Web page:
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31st May 2020
S&P Global says rated European insurers have successfully weathered the biggest market shock to their Solvency II ratios
As a result of fallout from the coronavirus pandemic, European insurers rated by S&P Global Ratings have successfully weathered the biggest market shock to their Solvency II ratios since January 2016, when the regulatory framework was launched, S&P Global Ratings said in a report published this week, "European Insurers: Capitalization Appears Resilient Under Solvency II, Somewhat Less Under Our Capital Model."
"That's thanks to strong ratios going into 2020 and features of Solvency II that cushion shock from equity price drops and widening credit spreads," said S&P Global Ratings credit analyst Taos Fudji. "However, that doesn't rule out a more severe impact under our capital model, depending on the individual profile of each company.
Plus, over the next quarters, potential downgrades of companies to speculative grade from investment grade(so-called fallen angels) could weigh on Solvency II ratios and our own measure of capital adequacy under our model.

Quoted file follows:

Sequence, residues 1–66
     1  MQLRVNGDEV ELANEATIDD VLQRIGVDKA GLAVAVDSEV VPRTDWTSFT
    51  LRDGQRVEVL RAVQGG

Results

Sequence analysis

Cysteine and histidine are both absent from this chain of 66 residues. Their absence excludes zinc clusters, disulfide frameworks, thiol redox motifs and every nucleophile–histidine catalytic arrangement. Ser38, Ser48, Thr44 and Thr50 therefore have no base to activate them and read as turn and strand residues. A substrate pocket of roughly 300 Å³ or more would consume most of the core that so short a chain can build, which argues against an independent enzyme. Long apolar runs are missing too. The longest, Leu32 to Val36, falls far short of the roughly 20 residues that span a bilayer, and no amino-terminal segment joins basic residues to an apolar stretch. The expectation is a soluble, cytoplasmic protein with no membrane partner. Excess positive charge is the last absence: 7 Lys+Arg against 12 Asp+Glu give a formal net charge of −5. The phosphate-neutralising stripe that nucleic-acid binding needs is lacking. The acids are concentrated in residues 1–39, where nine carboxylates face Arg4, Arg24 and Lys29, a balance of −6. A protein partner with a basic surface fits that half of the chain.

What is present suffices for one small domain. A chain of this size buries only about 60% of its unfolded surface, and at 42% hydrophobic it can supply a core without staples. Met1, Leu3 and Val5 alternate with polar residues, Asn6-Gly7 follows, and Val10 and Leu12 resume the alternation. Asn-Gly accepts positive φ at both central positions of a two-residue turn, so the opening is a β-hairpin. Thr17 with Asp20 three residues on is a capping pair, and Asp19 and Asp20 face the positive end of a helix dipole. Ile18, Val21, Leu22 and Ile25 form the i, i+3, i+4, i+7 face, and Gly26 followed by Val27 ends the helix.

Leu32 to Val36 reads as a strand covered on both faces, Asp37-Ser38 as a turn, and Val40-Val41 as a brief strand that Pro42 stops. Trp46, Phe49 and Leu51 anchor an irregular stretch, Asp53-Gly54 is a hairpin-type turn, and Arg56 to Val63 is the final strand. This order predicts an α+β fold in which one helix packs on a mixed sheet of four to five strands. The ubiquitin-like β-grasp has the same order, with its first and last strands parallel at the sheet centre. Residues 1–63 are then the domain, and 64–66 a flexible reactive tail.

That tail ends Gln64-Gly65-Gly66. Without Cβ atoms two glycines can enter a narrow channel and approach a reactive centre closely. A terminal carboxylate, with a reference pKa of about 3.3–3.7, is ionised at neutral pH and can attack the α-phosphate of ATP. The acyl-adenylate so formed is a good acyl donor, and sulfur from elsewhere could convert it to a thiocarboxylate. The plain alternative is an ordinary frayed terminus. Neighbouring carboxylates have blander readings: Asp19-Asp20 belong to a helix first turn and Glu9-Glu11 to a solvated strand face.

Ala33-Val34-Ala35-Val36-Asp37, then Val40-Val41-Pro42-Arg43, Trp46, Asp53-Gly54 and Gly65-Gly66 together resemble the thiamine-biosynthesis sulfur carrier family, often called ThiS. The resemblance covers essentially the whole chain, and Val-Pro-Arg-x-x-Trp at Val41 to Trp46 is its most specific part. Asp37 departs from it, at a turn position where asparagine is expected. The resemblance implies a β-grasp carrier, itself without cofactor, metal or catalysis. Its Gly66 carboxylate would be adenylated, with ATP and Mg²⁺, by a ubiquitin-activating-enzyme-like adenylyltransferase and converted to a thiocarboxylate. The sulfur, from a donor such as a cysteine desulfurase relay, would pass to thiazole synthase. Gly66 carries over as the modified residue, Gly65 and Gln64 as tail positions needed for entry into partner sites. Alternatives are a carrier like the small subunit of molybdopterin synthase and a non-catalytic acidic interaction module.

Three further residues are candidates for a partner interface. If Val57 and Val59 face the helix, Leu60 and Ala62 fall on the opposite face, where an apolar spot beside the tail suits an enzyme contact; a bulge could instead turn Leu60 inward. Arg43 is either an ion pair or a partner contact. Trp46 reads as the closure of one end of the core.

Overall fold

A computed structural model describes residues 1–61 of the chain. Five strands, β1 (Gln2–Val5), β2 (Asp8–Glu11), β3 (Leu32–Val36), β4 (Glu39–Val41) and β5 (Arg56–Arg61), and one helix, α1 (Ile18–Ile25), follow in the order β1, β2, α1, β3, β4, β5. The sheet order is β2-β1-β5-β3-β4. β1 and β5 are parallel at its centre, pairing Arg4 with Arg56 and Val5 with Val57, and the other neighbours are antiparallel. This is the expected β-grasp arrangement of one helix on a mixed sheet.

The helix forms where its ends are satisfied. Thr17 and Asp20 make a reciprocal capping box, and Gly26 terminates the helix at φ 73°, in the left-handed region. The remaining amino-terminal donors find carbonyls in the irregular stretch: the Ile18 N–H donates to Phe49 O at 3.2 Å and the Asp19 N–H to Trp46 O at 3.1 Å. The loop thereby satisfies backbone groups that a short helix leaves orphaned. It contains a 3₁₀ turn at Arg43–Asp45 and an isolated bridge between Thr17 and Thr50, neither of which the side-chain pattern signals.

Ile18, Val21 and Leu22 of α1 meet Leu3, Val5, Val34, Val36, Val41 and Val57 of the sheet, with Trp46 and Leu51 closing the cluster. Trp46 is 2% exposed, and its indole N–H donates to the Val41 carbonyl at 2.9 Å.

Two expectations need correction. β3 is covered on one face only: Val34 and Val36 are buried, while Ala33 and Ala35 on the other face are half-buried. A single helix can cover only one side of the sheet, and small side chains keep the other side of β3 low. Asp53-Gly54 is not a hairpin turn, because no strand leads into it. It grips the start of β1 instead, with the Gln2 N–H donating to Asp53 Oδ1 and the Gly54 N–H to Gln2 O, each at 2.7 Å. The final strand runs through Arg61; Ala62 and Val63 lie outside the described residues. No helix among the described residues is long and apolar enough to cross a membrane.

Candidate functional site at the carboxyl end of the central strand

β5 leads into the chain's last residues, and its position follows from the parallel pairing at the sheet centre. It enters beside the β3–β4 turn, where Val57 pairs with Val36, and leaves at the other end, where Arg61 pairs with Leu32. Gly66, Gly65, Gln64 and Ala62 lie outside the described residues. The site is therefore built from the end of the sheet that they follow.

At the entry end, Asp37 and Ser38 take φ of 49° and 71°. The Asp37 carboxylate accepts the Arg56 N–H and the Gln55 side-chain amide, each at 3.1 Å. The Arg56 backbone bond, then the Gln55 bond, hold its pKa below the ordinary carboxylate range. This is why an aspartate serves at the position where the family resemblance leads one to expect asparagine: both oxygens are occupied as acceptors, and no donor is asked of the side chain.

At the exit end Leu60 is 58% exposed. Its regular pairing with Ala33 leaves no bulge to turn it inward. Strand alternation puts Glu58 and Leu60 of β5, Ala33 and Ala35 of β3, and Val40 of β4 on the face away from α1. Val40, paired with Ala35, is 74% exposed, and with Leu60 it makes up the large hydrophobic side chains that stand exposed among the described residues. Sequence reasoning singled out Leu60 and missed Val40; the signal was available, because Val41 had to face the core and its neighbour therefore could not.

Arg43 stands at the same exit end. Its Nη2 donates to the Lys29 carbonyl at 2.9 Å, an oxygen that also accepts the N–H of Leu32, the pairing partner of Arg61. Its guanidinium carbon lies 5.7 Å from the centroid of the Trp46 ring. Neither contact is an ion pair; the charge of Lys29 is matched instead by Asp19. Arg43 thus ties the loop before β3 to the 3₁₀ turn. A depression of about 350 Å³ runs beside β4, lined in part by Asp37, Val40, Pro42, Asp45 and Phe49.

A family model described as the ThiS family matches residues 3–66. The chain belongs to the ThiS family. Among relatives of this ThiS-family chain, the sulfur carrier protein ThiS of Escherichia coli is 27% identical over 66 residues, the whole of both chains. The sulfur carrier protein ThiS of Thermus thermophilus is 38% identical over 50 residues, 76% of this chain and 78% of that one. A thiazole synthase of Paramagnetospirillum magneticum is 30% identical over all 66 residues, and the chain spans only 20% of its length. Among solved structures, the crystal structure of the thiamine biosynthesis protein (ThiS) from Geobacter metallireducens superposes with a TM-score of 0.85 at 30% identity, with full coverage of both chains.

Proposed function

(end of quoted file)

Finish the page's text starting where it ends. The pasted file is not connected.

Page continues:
We do not anticipate that declines in SII ratios will have implications for insurers' financial strength ratings. However, hybrid ratings for issuers with lower-than-average or more volatile SII ratios could experience pressure if ratios decline beyond our expectations. We expect that recent market volatility will erode capital buffers under our model, but this is unlikely to lead to widespread rating actions.
Indeed, hybrids issued under Solvency II have mandatory deferral features at the point of breach of solvency capital requirements.
For financial strength and issuer credit ratings, we continue to use our capital model to give us a consistent starting point from which to assess an insurer's financial risk profile, by indicating the broad range of capital adequacy on an eight-point scale.
In addition, our assessment of capital adequacy (in the form of a three-year forecast) is just one input of our ratings methodology, which also includes our assessment of business position and capacity of management to take action to regenerate capital over the forecast period.
As such, a change in our assessment of capital adequacy does not necessarily lead to a change in ratings. We still have stable outlooks on most of the insurers we rate based in the European Economic Area. We consider solid capital positions and broad diversification of insurers in the region will continue to support the creditworthiness of many of them."
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